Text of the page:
I was not ready for it. Completely unprepared for such a simple but unbelievable performance by Carey Mulligan. Rather than overwhelming complexity, it is the simplicity of this beautiful show that leaves one overwhelmed, emphasised by the cosy atmosphere of the Royal Court Theatre.
With a small stage, no props, and a simple set, Carey Mulligan takes us on a personal journey, told by a friend. Perhaps recognising how biased her opinion is, she provides details - memories that mattered to her and made her story unique. How lost she was in those early years of adulthood, how Southampton showed up on/in her way and how she told destiny to fuck off and went to Paris. Often, her easy speech brings out laughter in the audience.
Her story glides along, until she introduces us to her husband - the way they met, the way she had a complete disgust for the man. The simple and funny way of life of that man and how easily she, bit by bit, makes us fall in love with him too. How could we not? - that is the question.
The attraction of a normal and predictable way life shines over this couple as well: kids, a house, jobs. At the beginning, this ideal life story seems to represent something for us, just like it had for her - but as she goes on, we are compelled to wish it does not anymore.
She does not dwell on the major moments of her life, neither incidences of extreme sadness or joy. Much more relatable than that, they are the cherished moments that need no justification, and as the story follows its own way, it sets out the factors that bring her life to where she is now. In an impressively emotional performance, Carey Mulligan turns something that might have been a feel-good show into a much more insightful play about the most important aspects that rule our lives.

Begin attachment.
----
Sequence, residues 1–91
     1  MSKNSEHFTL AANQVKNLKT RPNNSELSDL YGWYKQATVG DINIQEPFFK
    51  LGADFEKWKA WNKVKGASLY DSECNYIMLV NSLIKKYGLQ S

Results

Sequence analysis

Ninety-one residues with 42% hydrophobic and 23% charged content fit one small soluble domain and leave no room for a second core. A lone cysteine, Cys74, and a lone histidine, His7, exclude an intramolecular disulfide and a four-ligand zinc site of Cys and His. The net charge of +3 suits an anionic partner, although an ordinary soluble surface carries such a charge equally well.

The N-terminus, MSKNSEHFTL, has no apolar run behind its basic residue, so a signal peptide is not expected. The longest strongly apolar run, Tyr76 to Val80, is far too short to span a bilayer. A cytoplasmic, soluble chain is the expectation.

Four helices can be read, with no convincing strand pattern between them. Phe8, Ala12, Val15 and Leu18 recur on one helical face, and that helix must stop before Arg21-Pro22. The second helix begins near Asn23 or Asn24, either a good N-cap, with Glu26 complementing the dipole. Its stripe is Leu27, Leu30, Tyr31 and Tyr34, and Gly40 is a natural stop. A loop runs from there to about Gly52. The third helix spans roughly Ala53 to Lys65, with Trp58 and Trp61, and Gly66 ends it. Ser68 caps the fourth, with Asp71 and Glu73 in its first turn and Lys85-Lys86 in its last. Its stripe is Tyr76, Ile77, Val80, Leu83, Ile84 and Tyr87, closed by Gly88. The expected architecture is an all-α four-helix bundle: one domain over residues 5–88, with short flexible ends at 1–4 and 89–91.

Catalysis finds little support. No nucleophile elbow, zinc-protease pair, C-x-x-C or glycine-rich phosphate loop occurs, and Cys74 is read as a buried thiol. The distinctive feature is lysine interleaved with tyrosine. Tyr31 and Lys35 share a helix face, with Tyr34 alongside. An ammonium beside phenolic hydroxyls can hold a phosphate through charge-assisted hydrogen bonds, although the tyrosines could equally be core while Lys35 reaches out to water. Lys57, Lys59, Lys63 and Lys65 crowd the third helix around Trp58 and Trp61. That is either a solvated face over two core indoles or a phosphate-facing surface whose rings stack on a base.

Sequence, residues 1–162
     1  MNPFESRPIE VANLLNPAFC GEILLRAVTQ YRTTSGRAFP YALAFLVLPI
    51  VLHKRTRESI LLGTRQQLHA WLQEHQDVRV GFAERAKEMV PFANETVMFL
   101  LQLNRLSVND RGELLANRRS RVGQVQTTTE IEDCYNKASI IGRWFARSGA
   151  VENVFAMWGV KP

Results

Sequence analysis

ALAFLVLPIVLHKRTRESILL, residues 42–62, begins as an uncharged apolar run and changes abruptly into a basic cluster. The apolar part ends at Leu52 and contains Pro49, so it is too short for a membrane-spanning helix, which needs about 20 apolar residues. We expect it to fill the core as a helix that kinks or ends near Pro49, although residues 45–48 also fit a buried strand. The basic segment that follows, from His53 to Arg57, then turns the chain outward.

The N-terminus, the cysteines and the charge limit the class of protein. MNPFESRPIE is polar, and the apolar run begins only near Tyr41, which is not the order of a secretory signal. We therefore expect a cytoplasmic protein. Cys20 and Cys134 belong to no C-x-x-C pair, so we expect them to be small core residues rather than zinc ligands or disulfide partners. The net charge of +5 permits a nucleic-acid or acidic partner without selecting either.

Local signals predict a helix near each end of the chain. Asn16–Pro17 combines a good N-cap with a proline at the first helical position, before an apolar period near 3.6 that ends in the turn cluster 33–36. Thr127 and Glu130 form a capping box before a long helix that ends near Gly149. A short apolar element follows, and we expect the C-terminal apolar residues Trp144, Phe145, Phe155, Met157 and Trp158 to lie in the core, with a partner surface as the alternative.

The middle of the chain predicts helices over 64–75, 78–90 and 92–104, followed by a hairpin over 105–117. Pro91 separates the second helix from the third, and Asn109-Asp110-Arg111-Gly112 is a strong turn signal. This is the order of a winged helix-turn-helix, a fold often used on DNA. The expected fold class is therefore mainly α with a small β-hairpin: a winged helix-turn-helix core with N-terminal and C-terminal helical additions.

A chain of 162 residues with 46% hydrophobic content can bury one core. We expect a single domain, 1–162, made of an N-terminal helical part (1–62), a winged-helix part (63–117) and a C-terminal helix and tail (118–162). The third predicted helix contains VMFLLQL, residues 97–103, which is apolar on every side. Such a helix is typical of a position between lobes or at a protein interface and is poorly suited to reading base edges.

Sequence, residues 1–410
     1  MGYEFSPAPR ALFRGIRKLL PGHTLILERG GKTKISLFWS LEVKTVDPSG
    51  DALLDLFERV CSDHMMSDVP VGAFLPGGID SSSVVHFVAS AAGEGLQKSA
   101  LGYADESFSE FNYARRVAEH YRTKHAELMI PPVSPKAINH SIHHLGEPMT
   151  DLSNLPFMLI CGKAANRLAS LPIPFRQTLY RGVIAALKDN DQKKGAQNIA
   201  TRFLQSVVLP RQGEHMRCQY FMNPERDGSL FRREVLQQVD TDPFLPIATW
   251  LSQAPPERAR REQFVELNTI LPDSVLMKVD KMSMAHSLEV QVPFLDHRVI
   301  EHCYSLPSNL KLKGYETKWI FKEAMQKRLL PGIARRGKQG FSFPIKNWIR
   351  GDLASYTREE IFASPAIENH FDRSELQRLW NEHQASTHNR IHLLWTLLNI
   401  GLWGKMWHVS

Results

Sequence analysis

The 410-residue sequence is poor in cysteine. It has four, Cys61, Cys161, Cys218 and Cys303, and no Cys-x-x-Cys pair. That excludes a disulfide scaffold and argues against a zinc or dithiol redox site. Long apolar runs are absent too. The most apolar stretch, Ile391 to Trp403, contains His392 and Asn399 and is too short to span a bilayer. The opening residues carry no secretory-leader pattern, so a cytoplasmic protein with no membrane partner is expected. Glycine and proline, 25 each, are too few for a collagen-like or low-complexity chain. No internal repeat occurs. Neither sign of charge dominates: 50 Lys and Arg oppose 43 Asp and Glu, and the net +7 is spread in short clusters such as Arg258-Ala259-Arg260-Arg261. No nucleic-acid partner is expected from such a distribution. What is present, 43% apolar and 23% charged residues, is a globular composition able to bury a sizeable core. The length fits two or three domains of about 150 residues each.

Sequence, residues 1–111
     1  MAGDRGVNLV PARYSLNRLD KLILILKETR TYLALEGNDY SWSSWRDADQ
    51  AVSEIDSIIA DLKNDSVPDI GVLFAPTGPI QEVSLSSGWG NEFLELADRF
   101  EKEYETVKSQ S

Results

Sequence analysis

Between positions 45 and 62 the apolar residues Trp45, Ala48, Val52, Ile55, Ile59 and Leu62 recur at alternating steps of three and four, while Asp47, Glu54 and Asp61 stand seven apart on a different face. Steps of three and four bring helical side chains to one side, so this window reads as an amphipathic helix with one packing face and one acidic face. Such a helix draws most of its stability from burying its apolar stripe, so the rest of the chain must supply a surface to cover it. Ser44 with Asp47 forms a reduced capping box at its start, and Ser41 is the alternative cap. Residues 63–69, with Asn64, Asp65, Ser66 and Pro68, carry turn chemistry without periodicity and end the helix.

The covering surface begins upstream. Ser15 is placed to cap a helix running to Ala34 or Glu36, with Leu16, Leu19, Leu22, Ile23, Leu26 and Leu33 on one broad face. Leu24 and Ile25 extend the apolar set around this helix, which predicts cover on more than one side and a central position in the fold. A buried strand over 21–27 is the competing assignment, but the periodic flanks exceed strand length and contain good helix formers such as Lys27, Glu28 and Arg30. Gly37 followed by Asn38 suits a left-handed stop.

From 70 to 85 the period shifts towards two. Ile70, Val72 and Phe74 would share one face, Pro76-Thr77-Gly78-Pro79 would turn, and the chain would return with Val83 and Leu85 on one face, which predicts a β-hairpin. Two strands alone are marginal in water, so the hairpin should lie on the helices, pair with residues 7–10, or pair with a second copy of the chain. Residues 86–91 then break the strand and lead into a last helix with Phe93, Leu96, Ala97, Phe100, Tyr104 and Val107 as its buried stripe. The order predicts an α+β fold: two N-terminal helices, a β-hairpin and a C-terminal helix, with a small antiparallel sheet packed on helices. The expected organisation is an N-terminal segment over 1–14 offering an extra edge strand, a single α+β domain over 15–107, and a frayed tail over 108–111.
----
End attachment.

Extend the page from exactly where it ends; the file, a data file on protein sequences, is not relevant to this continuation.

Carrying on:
Sometimes, there are things we cannot control, things that do not go to plan, life is a mess, it hurts, but we can make it work. Situations will leave us baffled, torn apart, but people are brave and bravery can be seen in the simplest acts of someone’s life.
Girls and Boys is a simple show full of intention behind every sentence. Carey Mulligan begins with an ordinary story, where we find ourselves laughing at the most quotidian situations. However, she unexpectedly transforms the story in such a way that we almost cannot accept that the person starting the story is the same one that finishes it.
As Carey’s bright and conflicted husband brilliantly puts it, sex with a pretty girl without a soul is like wanking to a dress. So is watching a play that does not inspire reflection. Clearly, Girls and Boys was not the case.
Where? Royal Court When? Until 17 March How Much? From £12